The job market in the covid age
Here’s how much global employment suffered from the pandemic: The global economy lost the equivalent of as many as 255 mn full-time jobs in 2020, the International Labor Organization (ILO) said in a recent report (pdf). That’s around 8.8% of global working hours relative to 4Q2019, creating an unprecedented level of damage that’s four times worse than that caused by the global financial crisis. The damage led to 114 mn in global job losses, fewer hours for those who retained their jobs, and a USD 3.7 tn drop in global labor income (or 4.4% of global GDP), the ILO said.
1H2020 was a bit more of a silver lining: “A stronger than expected rebound in working hours,” particularly in low-middle income countries, played out favorably, the ILO said. The organization revised downward its working-hour loss estimates for 3Q2020 to 7.2%, from a previous expectation of 12.1%. And in 4Q2020, the report says that global working hours dropped 4.6%, which is still significant, but lower than a previous forecast.
Will 2021 see a trend reversal? Maybe, but it won’t be easy: The ILO’s baseline scenario expects 2021 to bring further working hour losses equivalent to 90 mn jobs, or a 3% loss relative to 4Q2019. In a more optimistic scenario, losses will be contained to 1.3% compared to pre-crisis levels (the equivalent of 36 mn jobs). Meanwhile, if things go south and vaccine progress falls behind, losses are projected to come in at 4.6%. That’s to say: 130 mn jobs.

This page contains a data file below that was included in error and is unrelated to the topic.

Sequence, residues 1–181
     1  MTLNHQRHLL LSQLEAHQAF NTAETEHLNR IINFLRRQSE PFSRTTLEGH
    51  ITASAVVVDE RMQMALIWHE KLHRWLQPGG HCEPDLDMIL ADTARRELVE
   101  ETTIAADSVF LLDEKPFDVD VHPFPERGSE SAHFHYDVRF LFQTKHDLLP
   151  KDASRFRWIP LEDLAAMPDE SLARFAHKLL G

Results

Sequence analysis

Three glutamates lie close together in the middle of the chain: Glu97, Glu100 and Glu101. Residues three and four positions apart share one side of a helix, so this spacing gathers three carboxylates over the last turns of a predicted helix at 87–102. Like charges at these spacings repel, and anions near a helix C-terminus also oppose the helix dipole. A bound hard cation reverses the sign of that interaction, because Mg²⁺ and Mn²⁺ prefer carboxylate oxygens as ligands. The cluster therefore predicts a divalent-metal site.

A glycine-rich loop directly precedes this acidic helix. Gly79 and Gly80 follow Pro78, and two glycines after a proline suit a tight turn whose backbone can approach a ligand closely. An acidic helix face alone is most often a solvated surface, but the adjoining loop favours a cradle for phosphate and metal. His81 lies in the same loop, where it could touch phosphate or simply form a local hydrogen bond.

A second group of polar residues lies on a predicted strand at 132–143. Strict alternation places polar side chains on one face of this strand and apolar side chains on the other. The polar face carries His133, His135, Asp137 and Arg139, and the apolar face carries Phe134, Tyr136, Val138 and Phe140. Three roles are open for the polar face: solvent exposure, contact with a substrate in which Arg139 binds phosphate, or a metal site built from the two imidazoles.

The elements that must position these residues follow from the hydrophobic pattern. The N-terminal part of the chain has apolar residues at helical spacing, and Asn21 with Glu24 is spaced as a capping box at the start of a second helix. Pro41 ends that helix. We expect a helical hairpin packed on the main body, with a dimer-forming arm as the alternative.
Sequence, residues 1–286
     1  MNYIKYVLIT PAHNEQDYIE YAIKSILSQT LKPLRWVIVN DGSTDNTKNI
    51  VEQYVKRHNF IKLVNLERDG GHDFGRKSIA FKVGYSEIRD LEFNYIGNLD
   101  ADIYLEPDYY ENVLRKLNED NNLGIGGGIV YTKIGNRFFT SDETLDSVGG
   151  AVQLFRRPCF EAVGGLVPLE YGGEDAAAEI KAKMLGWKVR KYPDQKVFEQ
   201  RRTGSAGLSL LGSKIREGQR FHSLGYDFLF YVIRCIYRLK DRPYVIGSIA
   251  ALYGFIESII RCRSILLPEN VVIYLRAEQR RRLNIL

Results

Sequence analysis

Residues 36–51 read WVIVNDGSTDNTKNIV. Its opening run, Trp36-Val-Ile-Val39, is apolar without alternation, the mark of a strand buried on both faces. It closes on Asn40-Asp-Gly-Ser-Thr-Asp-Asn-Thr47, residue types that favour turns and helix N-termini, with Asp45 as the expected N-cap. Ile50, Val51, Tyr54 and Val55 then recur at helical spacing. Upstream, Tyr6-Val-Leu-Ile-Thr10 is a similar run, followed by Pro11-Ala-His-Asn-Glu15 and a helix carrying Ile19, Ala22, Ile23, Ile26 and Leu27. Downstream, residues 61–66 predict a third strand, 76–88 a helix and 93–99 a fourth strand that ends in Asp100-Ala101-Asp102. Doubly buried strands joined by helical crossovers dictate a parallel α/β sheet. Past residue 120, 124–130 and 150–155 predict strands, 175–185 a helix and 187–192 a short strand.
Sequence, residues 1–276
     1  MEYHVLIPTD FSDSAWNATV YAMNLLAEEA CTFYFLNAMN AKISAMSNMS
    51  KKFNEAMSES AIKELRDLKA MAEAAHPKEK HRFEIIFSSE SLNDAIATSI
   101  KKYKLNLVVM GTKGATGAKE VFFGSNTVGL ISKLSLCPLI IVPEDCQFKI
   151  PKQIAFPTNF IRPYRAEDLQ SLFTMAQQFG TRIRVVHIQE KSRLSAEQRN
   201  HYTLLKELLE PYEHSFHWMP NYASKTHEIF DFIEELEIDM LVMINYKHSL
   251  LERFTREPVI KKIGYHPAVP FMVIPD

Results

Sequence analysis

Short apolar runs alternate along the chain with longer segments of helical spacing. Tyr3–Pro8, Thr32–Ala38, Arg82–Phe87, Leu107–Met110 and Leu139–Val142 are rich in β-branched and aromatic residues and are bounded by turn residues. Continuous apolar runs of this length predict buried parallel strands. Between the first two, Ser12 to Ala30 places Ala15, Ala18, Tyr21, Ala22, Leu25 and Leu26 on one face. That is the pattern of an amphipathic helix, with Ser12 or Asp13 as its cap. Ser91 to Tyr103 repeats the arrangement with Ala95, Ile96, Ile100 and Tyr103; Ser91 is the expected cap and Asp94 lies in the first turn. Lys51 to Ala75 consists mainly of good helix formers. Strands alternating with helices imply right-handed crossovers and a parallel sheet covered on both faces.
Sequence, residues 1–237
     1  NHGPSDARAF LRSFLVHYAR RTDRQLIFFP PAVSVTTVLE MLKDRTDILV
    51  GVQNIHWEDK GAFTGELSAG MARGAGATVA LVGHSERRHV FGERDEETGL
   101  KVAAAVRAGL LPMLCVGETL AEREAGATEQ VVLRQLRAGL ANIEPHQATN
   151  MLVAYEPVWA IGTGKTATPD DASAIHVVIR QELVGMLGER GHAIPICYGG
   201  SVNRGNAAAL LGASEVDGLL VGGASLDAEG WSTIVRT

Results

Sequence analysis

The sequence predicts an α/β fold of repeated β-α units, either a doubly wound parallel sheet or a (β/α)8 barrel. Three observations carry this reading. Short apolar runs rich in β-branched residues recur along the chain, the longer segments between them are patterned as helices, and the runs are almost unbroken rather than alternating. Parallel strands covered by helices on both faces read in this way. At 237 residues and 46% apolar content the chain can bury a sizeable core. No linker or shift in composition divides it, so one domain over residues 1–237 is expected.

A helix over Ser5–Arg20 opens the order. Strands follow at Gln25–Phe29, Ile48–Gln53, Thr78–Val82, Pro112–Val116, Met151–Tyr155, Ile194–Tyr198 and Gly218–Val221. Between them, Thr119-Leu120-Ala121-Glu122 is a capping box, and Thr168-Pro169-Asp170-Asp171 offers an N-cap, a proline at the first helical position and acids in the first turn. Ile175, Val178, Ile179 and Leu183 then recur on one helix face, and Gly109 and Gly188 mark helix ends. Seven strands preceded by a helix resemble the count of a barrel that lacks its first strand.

Uneven impact: Certain geographical clusters were more impacted than others, the ILO said. On a regional level, losses were the highest in the Americas and the lowest in Europe and Central Asia — as job schemes, particularly in the EU, helped. There was also disparity in sector impact, with job losses peaking in the hard-hit accommodation and food services, arts and culture, and retail sectors. By way of contrast, the least affected sectors (including ICT and some financial services) made job gains.
In relative terms, job losses were higher among women (5%) and young workers (8.7%) than among men and older employees.
Recovery: “The signs of recovery we see are encouraging, but they are fragile and highly uncertain,” Bloomberg quoted ILO Director-General Guy Ryder as saying. The rebound could also be disproportionate and uneven, and there are “serious concerns” that employees and businesses most affected stand to benefit less from a recovering global economy, the ILO said.
What about Egypt? While the report doesn’t specifically mention us, the drop in working hours across Africa (7.7% drop compared to pre-pandemic levels) was smaller than in other regions. This can be explained by the fact that only one in five African workers live in countries with mandatory workplace restrictions or closures in place, the ILO said. The sharpest drop in working hours was in the southern part of the continent, followed by northern Africa (which includes Egypt), and eastern Africa. In 2021, job losses are expected to remain mild across the region, with an expected 2.5% reduction from pre-pandemic levels under a baseline scenario, a 1.4% drop in a more optimistic turn of events and 4.2% if the effects of covid are prolonged.
Unemployment in Egypt hit a near two-year high of 9.6% in 2Q2020 as the pandemic took hold. The jobless rate promptly returned to pre-pandemic levels in the third quarter of the year, falling to 7.3% after the government eased lockdown restrictions in late June 2020.